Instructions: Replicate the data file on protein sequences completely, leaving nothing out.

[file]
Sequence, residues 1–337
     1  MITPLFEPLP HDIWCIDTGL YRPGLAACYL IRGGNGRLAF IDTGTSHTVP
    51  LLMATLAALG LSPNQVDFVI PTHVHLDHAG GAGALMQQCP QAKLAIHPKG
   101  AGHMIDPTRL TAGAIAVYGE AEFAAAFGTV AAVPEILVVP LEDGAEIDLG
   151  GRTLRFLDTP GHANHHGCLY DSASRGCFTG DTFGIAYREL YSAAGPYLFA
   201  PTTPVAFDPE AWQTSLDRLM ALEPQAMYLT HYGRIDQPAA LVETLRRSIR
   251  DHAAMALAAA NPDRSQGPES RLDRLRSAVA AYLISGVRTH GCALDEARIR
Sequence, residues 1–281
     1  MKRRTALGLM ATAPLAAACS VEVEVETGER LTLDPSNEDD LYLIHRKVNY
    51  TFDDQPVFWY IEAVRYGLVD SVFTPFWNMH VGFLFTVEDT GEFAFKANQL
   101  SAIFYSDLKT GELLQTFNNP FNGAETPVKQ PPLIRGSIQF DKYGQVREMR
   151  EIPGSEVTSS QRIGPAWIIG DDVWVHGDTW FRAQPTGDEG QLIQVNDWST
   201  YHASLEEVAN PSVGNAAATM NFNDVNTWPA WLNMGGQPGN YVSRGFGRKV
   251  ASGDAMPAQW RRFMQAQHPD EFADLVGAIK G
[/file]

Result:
Sequence, residues 1–337
     1  MITPLFEPLP HDIWCIDTGL YRPGLAACYL IRGGNGRLAF IDTGTSHTVP
    51  LLMATLAALG LSPNQVDFVI PTHVHLDHAG GAGALMQQCP QAKLAIHPKG
   101  AGHMIDPTRL TAGAIAVYGE AEFAAAFGTV AAVPEILVVP LEDGAEIDLG
   151  GRTLRFLDTP GHANHHGCLY DSASRGCFTG DTFGIAYREL YSAAGPYLFA
   201  PTTPVAFDPE AWQTSLDRLM ALEPQAMYLT HYGRIDQPAA LVETLRRSIR
   251  DHAAMALAAA NPDRSQGPES RLDRLRSAVA AYLISGVRTH GCALDEARIR
Sequence, residues 1–281
     1  MKRRTALGLM ATAPLAAACS VEVEVETGER LTLDPSNEDD LYLIHRKVNY
    51  TFDDQPVFWY IEAVRYGLVD SVFTPFWNMH VGFLFTVEDT GEFAFKANQL
   101  SAIFYSDLKT GELLQTFNNP FNGAETPVKQ PPLIRGSIQF DKYGQVREMR
   151  EIPGSEVTSS QRIGPAWIIG DDVWVHGDTW FRAQPTGDEG QLIQVNDWST
   201  YHASLEEVAN PSVGNAAATM NFNDVNTWPA WLNMGGQPGN YVSRGFGRKV
   251  ASGDAMPAQW RRFMQAQHPD EFADLVGAIK G